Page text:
talazem, if I understood your post you are manually saving items into existing smart groups. Is that correct?

Although I’m not entirely certain, as I haven’t experimented to see what happens, that may not work. The idea behind a smart group is that it contains the replicants of the results of a search query. Each time one clicks to open the smart group, it refreshes its contents.

I can think of a couple of possibilities. [1] refreshing might empty and then refill the group; [2] a new replicant might replace a previous replicant. And when one adds a comment in the Comment field of a replicant’s Info panel, does that comment get added to all instances of the replicant?

As I don’t do manual tagging or use smart groups as you are using them, those haven’t become live questions for me. But I would encourage you to experiment before getting an unpleasant surprise. Let us know what you find out. Your approach may work.

Comment: Personally, I find that I make fewer mistakes when I use the contextual menu options to move or replicate items, and get the operation done more quickly than by going to the Actions button.

Bill, I think you may have misunderstood me. I am not manually placing them; that quite obviously defeats the whole purpose of using tags with smart groups.

Let’s say I import an archive from Safari into DT. I have the script set to go into my *Inbox group. From there, I tag the archive. I then want to delete the archive from the inbox.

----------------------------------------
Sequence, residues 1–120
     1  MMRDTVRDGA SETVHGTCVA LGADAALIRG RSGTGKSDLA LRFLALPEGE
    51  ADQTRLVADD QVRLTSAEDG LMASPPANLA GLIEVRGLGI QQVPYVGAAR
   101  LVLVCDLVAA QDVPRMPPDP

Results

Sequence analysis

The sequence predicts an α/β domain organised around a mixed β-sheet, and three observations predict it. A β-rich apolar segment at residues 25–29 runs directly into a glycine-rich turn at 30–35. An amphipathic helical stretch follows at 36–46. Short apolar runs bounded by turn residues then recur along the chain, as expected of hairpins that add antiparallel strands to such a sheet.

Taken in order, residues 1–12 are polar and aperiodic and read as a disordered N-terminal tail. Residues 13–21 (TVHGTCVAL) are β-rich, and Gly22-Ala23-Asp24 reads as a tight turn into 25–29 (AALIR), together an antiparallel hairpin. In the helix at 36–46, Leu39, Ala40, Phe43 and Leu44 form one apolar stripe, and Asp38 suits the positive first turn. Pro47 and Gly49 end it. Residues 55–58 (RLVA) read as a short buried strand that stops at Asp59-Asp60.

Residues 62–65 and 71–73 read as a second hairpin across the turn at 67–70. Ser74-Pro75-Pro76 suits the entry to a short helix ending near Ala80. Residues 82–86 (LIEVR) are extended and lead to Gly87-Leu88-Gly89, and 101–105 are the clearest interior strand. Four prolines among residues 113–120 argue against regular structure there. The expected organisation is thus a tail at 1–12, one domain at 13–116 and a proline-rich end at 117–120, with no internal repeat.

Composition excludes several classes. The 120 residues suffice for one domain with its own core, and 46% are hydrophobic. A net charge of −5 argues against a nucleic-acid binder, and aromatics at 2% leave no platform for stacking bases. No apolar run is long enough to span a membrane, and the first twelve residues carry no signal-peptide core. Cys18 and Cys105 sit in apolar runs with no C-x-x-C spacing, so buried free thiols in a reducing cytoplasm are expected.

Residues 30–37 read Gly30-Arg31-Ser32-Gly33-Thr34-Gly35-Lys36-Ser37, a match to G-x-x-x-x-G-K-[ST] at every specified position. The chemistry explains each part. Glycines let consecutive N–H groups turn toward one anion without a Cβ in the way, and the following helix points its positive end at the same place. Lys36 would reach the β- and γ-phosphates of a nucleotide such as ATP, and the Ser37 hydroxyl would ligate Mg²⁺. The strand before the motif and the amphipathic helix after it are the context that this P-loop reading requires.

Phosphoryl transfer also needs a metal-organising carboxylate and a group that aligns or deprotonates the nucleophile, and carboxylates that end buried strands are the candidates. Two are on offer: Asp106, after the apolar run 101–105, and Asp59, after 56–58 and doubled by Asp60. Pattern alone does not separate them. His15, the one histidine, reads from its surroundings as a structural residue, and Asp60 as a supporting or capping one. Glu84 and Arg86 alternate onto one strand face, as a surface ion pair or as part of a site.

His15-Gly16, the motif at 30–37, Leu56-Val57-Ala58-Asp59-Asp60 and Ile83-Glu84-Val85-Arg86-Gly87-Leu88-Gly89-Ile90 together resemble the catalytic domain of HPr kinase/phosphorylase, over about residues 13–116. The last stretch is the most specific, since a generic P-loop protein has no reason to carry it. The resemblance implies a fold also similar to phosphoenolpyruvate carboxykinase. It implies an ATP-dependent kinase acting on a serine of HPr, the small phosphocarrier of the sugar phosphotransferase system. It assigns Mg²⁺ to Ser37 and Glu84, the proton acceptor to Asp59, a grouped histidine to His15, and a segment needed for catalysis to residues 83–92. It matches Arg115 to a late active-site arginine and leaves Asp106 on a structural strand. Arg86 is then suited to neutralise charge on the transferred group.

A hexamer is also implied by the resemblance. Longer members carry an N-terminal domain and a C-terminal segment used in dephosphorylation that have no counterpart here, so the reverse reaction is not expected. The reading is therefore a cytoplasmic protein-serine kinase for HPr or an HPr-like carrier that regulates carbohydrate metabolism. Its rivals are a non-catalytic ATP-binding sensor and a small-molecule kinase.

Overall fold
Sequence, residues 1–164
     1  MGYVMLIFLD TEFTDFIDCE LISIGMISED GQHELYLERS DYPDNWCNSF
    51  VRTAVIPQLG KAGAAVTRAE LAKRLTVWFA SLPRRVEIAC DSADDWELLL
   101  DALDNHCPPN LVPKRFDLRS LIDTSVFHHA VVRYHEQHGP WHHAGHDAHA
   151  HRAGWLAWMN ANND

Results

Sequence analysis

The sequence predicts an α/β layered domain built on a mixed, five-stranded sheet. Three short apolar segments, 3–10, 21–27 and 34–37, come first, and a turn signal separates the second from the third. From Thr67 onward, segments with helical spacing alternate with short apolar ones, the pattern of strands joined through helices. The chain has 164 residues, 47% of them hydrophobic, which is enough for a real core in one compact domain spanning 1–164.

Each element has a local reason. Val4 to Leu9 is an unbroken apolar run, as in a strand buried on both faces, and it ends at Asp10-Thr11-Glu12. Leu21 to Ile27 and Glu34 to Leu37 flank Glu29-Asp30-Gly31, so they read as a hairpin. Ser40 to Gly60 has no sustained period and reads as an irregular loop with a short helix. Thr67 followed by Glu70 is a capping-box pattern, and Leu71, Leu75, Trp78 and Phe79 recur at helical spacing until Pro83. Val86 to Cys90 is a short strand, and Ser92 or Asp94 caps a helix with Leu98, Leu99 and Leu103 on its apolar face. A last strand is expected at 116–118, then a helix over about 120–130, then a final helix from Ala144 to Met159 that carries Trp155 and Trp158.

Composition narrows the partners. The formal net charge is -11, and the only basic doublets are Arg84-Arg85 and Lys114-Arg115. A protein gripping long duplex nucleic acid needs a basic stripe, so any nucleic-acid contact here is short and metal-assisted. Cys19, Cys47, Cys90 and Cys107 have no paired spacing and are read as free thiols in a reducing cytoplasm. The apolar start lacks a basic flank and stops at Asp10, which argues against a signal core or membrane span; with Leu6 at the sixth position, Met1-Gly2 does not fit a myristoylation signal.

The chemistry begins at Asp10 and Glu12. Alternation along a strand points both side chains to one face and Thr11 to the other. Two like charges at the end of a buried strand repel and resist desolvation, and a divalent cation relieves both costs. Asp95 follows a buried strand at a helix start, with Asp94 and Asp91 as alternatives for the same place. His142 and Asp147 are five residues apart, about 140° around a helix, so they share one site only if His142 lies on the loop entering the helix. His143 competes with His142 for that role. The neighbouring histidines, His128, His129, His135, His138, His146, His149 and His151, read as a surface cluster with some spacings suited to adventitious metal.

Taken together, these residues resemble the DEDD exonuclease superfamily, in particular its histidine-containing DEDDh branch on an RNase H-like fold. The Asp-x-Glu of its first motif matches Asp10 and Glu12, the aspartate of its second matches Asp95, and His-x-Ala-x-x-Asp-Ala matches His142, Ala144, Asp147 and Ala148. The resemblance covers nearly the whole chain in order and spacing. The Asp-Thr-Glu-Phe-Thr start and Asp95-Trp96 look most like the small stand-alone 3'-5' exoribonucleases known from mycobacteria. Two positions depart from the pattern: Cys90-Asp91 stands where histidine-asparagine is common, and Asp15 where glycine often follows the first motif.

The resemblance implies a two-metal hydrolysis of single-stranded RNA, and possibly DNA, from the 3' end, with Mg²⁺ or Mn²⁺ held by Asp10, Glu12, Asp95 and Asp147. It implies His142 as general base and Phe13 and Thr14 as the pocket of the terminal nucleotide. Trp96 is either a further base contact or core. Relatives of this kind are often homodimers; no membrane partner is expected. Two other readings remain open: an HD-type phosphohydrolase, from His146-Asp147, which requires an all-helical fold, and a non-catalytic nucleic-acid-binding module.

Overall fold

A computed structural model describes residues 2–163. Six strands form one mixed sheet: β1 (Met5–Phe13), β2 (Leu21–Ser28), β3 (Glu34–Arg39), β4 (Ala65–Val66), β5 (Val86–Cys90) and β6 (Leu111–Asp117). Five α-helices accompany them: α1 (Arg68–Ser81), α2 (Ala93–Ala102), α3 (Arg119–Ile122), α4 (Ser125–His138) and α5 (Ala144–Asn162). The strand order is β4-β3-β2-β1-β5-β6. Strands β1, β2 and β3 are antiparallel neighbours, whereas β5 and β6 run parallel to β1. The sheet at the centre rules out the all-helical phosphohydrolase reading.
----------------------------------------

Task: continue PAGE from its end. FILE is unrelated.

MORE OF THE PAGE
Now, without a way of autmatically updating the smart groups, I have to manually go to that smart group, and open it in order for the smart group to then import a replicate of that archive into it.

This is a problem because (a) it is manual, and I may have many archives or files in my inbox that I want to quickly be shipped off to their respective groups, and it is a pain to have to manually open the groups in order for the replicates to move into the groups; and (b) if I forget to do this, and I then delete the original file/archive from my *Inbox, the replicate will never get placed into its smart folder, and I’ll have lost the file.

Maybe a script could be written that would update all of the contents of the smart groups? Again, it is not just a matter of the number of files in the group being updated; rather, it is a matter of the files themselves being replicated to each of the tagged smart groups.

BTW, if anyone is wondering why such an effort of tagging is even necessary, my answer is: ease and safety. “Ease” in that searching for key words is at times more efficient than relying on the AI-aspects of DT (though they are extremely useful); and “safety” in that if I ever have to export my files out of DT to the Finder, or to another computer or operating system that doesn’t have DT on it, my categorization of my files will not be lost. Merely replicating files doesn’t guarantee that the categorization will survive a mass export of files, or the loss of DT environment. However, replicating through tags means that one will always now what basic categories, or groups, or folders (call them what you will) the files belong to.